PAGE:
I do realize the privilege that I grew up with that allowed those things to stay outside my daily experience. I wouldn’t call them the “Good Old Days”, but for me, personally, there were some good times. I do remember those good times, even as I continue to work for continued change of the harsher realities.

Zeusaphone
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August 29, 2023 3:39 pm
Reply to  LinkCrawford

People aren’t nostalgic for racism or misogyny or the like. Their nostalgic for their lost innocence. They long for a time when they were unaware and unaffected by those things.

OTOH, if I had a kid I would absolutely let them have the same roaming freedom that I had. The amount of abuse, abductions, and bad behavior haven’t been reduced by keeping kids locked in their rooms. The overwhelming majority of abuse comes at home, like it always has. 99% of child abductions are by a family member, usually a parent.

Zeusaphone
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August 29, 2023 1:30 pm

In 1982, my sophomore year in HS, we took a field trip to Andersonville to see the prison camp. On the way back the bus stopped at a store well back in the woods for gas. Some of us decided to use the facilities. Turns out that this store still had segregated restrooms. Not segregated male/female, like almost all of them are, but Black Men, White Men, Black Men, White Women. This wasn’t a photo or a museum exhibit. This wasn’t something that was old and leftover from the 1950’s, it had been fairly recently painted and was clean (relative to convenience store restrooms). This was the real thing. It was startling to see it in the early 1980’s.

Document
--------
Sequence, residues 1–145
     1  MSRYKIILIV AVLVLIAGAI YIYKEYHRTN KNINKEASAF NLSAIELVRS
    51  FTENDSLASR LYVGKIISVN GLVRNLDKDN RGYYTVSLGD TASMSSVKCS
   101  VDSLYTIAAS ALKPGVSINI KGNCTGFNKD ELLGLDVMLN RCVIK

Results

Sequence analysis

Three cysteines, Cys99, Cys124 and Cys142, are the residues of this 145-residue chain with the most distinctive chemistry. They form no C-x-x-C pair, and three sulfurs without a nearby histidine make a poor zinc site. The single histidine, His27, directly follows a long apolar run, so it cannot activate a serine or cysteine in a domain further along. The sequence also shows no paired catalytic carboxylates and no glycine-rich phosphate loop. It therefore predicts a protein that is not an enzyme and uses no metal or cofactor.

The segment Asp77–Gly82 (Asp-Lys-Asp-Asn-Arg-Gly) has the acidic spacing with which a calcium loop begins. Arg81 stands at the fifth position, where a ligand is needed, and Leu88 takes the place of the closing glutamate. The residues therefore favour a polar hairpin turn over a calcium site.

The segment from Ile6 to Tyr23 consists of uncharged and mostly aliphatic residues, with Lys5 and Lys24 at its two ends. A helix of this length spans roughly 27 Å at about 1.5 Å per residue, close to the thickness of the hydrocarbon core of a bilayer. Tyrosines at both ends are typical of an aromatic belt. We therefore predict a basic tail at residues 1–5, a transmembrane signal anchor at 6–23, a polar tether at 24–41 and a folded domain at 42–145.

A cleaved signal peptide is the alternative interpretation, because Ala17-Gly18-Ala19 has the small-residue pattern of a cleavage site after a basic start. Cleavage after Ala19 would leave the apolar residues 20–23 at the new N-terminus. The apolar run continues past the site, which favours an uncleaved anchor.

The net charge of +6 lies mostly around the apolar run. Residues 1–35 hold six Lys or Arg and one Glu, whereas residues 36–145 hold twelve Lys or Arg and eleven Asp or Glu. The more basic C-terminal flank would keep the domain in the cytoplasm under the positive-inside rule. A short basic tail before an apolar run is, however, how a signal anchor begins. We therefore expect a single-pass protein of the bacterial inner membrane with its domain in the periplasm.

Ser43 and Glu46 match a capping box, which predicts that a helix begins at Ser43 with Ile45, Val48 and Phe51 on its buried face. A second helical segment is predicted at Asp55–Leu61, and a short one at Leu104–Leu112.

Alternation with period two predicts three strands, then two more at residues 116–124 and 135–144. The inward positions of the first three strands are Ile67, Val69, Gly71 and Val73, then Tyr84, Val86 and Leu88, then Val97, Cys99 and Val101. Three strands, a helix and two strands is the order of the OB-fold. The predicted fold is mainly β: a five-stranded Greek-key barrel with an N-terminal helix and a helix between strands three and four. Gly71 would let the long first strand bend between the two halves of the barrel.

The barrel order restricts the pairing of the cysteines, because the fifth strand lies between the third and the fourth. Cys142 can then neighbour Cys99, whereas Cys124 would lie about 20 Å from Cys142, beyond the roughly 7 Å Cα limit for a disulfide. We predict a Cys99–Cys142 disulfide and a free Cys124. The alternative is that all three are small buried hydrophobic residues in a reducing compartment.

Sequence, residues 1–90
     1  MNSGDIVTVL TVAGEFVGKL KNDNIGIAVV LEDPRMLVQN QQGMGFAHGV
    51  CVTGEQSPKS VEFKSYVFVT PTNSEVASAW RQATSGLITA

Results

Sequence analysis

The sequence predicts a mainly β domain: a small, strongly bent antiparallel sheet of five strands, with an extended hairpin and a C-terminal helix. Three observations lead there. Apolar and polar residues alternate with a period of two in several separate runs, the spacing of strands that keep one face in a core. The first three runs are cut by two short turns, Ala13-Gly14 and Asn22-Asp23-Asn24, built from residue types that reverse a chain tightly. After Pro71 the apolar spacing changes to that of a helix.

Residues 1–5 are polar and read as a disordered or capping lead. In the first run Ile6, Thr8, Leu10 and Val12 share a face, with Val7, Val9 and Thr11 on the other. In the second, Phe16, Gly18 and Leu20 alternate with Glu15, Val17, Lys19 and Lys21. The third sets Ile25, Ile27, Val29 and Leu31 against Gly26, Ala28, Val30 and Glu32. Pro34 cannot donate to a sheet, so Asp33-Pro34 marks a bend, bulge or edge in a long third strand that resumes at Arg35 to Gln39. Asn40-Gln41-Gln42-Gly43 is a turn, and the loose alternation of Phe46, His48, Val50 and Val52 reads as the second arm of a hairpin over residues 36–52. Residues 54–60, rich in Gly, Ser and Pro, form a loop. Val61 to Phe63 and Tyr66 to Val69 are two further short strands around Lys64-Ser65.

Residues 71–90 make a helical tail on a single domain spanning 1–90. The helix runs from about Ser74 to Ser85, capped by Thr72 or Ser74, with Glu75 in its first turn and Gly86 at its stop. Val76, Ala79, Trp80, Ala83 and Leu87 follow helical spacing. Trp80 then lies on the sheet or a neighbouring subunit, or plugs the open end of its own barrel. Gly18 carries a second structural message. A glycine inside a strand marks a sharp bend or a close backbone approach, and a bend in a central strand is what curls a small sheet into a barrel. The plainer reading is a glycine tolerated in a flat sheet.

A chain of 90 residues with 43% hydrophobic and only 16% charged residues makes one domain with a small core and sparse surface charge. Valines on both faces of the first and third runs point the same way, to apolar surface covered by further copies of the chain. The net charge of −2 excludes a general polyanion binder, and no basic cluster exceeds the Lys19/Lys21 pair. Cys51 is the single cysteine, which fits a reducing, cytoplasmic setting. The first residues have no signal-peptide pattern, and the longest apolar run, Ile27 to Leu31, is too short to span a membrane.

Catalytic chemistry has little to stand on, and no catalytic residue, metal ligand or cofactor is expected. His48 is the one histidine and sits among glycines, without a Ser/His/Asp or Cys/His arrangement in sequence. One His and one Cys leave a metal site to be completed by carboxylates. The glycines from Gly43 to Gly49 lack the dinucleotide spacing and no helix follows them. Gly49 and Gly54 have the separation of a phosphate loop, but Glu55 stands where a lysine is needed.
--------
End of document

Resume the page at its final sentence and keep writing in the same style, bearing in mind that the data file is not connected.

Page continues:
reggie
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August 30, 2023 1:33 am

Well, if it’s stories you want…..

Seriously, I was an honors student by day, and a total juvenile delinquent by night. Thankfully, I got all the crazy out of my system early and it turned out OK…but it could have gone another way. To wit:

At age 12 my baseball teammates and I celebrated our sectional win at my house while my folks were away. We got into the liquor cabinet. I woke up on the floor in my room drenched in water with nothing left in my room. My bed, dresser and chair were gone. How I got there, where my furniture went, and what day it was, were all a mystery. Worst hangover of my life.